Neutral Stand Of Tech-giants
With growing voices to end police brutality and racial profiling, the tech-giants namely IBM, Amazon, and Microsoft have decided to limit the use of FRT and not sell it to any police department in the US until there is a federal law regulating it.

Microsoft was the first one to call for regulating FRT two years ago while backing the legislation in California to allow limited use of FRT. Recently, Microsoft clarified that it has not sold any such technology to police departments and it plans to put in place review factors to determine the use of FRT beyond law enforcement.

We will not sell facial-recognition technology to police departments in the United States until we have a national law in place that will govern this technology. The bottom line for us is to protect the human rights of people as this technology is deployed.

Brad Smith, Microsoft President

IBM has reported that it will be exiting the facial-recognition business over concerns about its uses for mass surveillance and racial profiling. Amazon has banned police from using its FRT for a year and has said that it will give Congress enough time to implement appropriate rules.

Technology has penetrated every aspect of governance and especially for law enforcement, technology brings in many advantages, but also raises questions over privacy and credibility. The courts and policymakers need to strike the right balance between the need for information and the right to privacy.

  • Woody Bledsoe was an American mathematician, computer scientist, and prominent educator. He is one of the founders of artificial intelligence (AI). He pioneered Facial recognition technology and in pattern recognition.
  • In Russia, there is an app ‘FindFace’ which can identify faces with about 70% accuracy using the social media app called VK. This app would not be possible in other countries that do not use VK as their social media platform photos are not stored the same way as with VK.
  • In December 2017, Facebook rolled out a new feature that notifies a user when someone uploads a photo that includes what Facebook thinks is their face, even if they are not tagged. “We’ve thought about this as a really empowering feature,” Facebook officials said. “There may be photos that exist that you don’t know about.”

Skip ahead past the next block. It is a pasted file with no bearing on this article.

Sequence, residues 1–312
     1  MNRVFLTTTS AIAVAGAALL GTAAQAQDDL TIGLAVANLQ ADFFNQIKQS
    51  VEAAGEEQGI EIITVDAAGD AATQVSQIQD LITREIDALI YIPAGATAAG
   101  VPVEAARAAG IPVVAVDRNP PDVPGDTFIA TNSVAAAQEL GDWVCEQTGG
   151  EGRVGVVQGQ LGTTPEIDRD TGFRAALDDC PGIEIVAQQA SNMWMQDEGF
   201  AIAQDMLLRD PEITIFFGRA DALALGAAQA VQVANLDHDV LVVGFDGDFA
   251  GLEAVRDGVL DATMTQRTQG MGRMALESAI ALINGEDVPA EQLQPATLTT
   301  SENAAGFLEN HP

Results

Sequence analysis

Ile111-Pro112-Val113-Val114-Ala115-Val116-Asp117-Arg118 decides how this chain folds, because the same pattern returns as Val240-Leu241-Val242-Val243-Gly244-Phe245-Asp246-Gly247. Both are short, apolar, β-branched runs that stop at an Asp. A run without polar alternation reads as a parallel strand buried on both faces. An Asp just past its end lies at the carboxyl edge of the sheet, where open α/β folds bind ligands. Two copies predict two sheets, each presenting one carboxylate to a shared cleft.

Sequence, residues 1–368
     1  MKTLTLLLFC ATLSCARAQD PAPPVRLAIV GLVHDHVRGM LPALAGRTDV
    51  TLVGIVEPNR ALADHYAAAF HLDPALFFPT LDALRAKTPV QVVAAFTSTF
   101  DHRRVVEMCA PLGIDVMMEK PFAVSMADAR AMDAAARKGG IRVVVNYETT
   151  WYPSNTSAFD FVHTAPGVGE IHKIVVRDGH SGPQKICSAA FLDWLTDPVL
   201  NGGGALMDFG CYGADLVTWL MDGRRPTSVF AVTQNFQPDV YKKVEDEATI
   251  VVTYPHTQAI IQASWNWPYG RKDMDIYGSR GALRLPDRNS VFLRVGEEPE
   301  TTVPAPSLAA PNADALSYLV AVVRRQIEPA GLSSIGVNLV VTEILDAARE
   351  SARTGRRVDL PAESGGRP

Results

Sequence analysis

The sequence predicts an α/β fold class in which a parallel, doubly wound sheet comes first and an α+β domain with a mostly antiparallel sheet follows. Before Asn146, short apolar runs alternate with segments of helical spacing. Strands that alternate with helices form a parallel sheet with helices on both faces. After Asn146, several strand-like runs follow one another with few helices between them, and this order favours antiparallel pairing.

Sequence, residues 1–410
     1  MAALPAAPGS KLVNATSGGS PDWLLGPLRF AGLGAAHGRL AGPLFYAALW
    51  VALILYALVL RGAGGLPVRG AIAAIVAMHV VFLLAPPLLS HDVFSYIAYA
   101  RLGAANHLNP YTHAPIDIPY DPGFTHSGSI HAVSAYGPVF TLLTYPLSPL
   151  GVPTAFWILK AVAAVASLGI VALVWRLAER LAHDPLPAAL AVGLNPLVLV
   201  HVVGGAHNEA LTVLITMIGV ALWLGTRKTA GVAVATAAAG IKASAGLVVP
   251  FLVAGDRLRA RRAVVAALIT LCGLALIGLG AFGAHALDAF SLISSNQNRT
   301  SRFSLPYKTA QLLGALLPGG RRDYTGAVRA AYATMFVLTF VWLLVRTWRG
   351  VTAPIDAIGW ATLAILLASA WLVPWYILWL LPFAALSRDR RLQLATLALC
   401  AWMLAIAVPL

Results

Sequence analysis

China Starts Regulating Digital Encryption

China is pushing legislation to govern the use of cryptography for data privacy for both government and private players. Under these measures, China will encourage the use of modern encryption technology for commercial usage as long as its sovereign interests are not compromised.

Crux of the Matter
  • The new cyber security laws will take effect from January 2020.
  • The law mandates that all state secrets have to stored and transmitted using secure encrypted channels. Private players working in encryption have to give guarantees on their security management systems.
  • Private encryption developers cannot be compelled to handover sensitive information. If someone spots vulnerabilities and does not report them, they are liable to be punished.
  • This move is expected to protect the business interests of Chinese tech companies.
  • China conducts mass surveillance on digital platforms on a mammoth scale and strongarms companies to store data locally and wields the power to shutdown players that do not comply with their requests.

The Great Firewall of China is the combination of legislative actions and technologies enforced by the People’s Republic of China to regulate the Internet domestically. Its role in Internet censorship in China is to block access to selected foreign websites and to slow down cross-border internet traffic. The effect includes: limiting access to foreign information sources, blocking foreign internet tools (e.g. Google search, Facebook, Twitter, Wikipedia and others) and mobile apps, and requiring foreign companies to adapt to domestic regulations. Besides censorship, the GFW has also influenced the development of China’s internal internet economy by nurturing domestic companies and reducing the effectiveness of products from foreign internet companies. The Great Firewall is part of the Golden Shield Project. Since 2013, the firewall is technically operated by the Cyberspace Administration of China (CAC), which is the entity in charge of delining the Communist Party of China’s will into technical specifications. More Info